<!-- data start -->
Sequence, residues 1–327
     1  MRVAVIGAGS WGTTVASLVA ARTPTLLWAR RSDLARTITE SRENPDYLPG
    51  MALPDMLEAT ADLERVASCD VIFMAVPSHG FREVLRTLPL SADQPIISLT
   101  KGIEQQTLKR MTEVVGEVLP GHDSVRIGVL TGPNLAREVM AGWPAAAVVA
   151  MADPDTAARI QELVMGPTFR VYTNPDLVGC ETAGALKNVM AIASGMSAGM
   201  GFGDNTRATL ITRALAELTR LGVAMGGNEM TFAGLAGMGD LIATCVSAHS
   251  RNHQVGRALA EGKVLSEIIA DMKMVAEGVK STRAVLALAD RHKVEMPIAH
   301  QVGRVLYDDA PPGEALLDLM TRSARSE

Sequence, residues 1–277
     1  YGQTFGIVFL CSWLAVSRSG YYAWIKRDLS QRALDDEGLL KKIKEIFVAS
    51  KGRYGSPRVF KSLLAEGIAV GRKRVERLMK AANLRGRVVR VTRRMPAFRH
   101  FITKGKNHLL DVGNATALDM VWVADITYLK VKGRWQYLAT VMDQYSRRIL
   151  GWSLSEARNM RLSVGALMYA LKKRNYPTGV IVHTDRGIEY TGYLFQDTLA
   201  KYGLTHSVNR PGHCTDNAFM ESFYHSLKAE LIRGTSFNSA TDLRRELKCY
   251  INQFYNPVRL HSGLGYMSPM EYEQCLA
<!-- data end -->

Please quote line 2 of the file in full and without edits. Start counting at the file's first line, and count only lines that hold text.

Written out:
     1  MRVAVIGAGS WGTTVASLVA ARTPTLLWAR RSDLARTITE SRENPDYLPG